Mouth Cancer Action Month

Over the last year, 8,337 people in the UK were given the life-changing news that they have mouth cancer. 

The more we know about mouth cancer, the better chance we have of beating it.  This means knowing how to spot mouth cancer early and knowing where to go when we see something out of the ordinary. It also means reducing our risk by cutting down on the things that cause mouth cancer.

Mouth cancer can affect anyone. However, there are several risk factors that can increase our chance of developing the disease.

The main causes linked to mouth cancer are:

Smoking

Around one in six (17%) oral cavity cancers are directly caused by smoking. The risk of being diagnosed with mouth cancer for a smoker is almost double (91%) that of a never-smoker.

Alcohol

Drinking alcohol to excess is responsible for around a third of all mouth cancers.  Those who drink more than 10 units of alcohol a week could be increasing the risk of mouth cancer by 81%.

For those who heavily drink alcohol and also smoke, the risk increases by 30 times.

HPV

The human papillomavirus (HPV) type-16 and 18 are linked to around three in four (73%) of oropharyngeal cancers and more than one in ten (12%) oral cavity and hypopharynx cancers. Risk is higher in those with more sexual partners.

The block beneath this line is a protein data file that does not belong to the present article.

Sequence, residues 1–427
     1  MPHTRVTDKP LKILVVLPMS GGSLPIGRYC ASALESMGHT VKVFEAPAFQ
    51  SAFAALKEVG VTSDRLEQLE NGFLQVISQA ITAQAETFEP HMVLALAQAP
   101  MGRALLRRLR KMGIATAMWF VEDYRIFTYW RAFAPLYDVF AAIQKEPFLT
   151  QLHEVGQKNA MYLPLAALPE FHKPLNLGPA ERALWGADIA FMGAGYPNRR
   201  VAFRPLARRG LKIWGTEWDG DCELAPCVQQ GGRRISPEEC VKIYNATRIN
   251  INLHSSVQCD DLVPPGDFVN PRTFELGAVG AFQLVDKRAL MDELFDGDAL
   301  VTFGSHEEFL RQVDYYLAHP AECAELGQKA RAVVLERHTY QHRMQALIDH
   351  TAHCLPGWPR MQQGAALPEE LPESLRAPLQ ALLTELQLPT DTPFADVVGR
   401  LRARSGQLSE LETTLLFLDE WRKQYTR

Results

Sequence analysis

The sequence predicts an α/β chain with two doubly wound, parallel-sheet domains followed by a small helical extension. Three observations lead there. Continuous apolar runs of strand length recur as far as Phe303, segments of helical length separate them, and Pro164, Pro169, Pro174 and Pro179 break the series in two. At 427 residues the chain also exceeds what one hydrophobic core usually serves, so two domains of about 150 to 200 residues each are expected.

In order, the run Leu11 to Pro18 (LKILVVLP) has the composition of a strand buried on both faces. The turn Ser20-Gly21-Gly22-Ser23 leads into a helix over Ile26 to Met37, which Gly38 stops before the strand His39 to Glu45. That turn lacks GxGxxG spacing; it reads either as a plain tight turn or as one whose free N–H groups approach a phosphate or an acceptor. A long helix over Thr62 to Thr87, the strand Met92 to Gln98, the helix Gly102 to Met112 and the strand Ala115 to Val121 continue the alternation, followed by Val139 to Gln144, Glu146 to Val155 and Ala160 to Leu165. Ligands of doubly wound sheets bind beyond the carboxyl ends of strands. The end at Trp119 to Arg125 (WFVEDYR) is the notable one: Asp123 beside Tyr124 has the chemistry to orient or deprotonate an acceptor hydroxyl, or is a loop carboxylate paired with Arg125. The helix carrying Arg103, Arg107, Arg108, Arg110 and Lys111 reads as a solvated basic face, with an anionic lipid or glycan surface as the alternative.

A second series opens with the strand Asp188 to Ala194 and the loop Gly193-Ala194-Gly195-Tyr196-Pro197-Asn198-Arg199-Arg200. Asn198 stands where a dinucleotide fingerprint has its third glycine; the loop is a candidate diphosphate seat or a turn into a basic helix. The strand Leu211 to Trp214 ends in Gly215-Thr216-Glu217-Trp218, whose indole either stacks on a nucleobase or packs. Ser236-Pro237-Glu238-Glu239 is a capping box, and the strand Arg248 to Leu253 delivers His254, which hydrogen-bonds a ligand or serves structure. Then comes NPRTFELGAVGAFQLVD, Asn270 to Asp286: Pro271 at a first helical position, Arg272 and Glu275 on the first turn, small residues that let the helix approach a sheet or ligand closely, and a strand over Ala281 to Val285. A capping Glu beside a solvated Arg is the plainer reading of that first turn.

Age and gender

As we get older, our cells and DNA become more damaged. This is either biological or from exposure to the other risk factors. We do not know why mouth cancer rates are higher in men; however, it could be due to greater exposure to risk factors.

Other

The other risk factors associated with mouth cancer include: areca (betel) nut, paan masala (Gutkha), chewing tobacco, smokeless tobacco, x-rays and gamma radiation, asbestos, salted fish, formaldehyde, wood dust, over exposure to sunlight, environmental smoke.

If in doubt . . .

Mouth Cancer Action Month promotes the message ‘If in doubt, get checked out’. We encourage everybody to be mouth-aware and pay more attention to what’s going on inside the mouth. Most importantly, if you notice anything out of the ordinary, it is essential that you tell your dentist or doctor immediately.

Checking for mouth cancer

As mouth cancer can strike in a number of places, including the lips, tongue, gums and cheeks, and given that early detection is so crucial for survival, it’s extremely important that we all know what to look out for.

Three signs and symptoms not to ignore are:

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